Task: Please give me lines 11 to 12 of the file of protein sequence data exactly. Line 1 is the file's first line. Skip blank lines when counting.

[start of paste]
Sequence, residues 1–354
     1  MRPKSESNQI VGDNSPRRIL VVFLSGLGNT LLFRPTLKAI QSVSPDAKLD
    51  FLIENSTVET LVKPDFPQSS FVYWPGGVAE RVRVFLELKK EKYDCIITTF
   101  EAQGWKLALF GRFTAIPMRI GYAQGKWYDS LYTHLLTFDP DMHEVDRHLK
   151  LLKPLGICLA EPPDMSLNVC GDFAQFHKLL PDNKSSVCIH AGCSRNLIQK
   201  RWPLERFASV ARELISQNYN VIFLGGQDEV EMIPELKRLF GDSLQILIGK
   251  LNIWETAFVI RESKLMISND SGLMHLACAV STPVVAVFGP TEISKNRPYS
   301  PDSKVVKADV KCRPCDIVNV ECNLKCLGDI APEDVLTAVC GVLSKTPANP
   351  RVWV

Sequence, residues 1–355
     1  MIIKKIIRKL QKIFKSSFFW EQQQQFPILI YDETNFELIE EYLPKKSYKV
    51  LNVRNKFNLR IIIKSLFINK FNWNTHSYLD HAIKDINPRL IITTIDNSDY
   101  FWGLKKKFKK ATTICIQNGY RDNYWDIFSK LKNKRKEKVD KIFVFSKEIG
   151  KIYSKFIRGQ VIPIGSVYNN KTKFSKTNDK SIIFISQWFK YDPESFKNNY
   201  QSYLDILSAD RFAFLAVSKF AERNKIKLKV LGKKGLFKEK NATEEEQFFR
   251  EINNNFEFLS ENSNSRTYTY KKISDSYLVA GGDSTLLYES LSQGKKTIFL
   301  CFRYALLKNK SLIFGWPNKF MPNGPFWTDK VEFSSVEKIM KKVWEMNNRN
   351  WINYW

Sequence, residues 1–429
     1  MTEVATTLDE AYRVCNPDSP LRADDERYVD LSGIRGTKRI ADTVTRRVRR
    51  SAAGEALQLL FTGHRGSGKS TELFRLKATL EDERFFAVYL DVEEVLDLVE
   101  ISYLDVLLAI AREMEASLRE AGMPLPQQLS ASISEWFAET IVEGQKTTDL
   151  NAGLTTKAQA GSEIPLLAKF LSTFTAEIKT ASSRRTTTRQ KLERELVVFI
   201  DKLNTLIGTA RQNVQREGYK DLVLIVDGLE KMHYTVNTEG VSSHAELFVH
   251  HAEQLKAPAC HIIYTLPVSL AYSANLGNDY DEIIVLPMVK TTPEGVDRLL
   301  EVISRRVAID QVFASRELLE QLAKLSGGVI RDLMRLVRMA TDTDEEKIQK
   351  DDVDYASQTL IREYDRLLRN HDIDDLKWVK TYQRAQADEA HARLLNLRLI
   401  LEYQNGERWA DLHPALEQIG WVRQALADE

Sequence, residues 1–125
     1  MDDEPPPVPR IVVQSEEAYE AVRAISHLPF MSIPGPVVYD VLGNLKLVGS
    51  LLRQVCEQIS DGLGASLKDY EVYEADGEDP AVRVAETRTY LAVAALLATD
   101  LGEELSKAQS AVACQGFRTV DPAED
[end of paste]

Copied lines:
     1  MIIKKIIRKL QKIFKSSFFW EQQQQFPILI YDETNFELIE EYLPKKSYKV
    51  LNVRNKFNLR IIIKSLFINK FNWNTHSYLD HAIKDINPRL IITTIDNSDY